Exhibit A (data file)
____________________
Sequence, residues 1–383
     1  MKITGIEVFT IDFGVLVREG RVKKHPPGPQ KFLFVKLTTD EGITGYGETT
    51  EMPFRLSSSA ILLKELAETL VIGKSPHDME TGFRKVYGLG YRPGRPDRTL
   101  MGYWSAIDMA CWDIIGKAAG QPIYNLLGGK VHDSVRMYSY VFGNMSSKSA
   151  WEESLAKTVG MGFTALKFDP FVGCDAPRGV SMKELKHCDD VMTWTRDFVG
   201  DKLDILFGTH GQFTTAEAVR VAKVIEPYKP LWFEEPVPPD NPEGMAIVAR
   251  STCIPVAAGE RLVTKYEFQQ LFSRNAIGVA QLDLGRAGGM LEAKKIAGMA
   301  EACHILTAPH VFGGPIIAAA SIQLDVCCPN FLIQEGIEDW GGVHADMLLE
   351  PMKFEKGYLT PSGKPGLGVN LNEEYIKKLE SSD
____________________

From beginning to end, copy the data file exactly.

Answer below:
Sequence, residues 1–383
     1  MKITGIEVFT IDFGVLVREG RVKKHPPGPQ KFLFVKLTTD EGITGYGETT
    51  EMPFRLSSSA ILLKELAETL VIGKSPHDME TGFRKVYGLG YRPGRPDRTL
   101  MGYWSAIDMA CWDIIGKAAG QPIYNLLGGK VHDSVRMYSY VFGNMSSKSA
   151  WEESLAKTVG MGFTALKFDP FVGCDAPRGV SMKELKHCDD VMTWTRDFVG
   201  DKLDILFGTH GQFTTAEAVR VAKVIEPYKP LWFEEPVPPD NPEGMAIVAR
   251  STCIPVAAGE RLVTKYEFQQ LFSRNAIGVA QLDLGRAGGM LEAKKIAGMA
   301  EACHILTAPH VFGGPIIAAA SIQLDVCCPN FLIQEGIEDW GGVHADMLLE
   351  PMKFEKGYLT PSGKPGLGVN LNEEYIKKLE SSD